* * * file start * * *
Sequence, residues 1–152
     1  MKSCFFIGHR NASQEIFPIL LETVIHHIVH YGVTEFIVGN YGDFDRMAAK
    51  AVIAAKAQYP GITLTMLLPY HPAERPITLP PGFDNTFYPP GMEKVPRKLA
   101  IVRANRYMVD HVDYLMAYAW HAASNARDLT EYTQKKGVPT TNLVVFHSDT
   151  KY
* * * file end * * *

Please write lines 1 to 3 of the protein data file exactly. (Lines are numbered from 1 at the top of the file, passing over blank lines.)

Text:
Sequence, residues 1–152
     1  MKSCFFIGHR NASQEIFPIL LETVIHHIVH YGVTEFIVGN YGDFDRMAAK
    51  AVIAAKAQYP GITLTMLLPY HPAERPITLP PGFDNTFYPP GMEKVPRKLA